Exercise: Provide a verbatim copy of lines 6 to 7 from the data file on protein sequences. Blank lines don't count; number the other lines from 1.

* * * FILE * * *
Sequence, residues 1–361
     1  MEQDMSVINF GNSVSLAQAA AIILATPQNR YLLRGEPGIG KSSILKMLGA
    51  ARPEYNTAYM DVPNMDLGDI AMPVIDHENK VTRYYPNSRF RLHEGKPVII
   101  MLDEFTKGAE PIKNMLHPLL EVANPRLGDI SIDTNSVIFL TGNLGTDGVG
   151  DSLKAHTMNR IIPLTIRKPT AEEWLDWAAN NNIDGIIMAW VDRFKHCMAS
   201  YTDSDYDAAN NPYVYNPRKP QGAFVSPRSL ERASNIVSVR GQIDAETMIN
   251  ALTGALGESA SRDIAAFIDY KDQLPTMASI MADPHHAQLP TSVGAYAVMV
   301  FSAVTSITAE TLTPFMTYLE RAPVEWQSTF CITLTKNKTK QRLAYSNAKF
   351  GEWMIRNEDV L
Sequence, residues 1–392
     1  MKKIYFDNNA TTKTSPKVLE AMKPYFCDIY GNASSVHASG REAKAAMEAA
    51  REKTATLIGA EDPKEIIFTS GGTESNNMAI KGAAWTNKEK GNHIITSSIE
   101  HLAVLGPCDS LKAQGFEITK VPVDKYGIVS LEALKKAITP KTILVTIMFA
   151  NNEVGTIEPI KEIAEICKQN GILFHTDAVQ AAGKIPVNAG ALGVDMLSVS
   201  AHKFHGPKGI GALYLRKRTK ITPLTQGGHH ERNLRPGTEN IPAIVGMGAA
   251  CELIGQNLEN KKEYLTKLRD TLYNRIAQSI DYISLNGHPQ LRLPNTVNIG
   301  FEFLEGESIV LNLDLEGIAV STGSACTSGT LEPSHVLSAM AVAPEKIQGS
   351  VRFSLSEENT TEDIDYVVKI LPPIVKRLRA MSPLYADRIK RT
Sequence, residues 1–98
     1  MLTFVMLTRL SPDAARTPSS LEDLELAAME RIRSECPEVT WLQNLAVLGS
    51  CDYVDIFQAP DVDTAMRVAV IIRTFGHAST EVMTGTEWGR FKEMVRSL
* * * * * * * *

   201  YTDSDYDAAN NPYVYNPRKP QGAFVSPRSL ERASNIVSVR GQIDAETMIN
   251  ALTGALGESA SRDIAAFIDY KDQLPTMASI MADPHHAQLP TSVGAYAVMV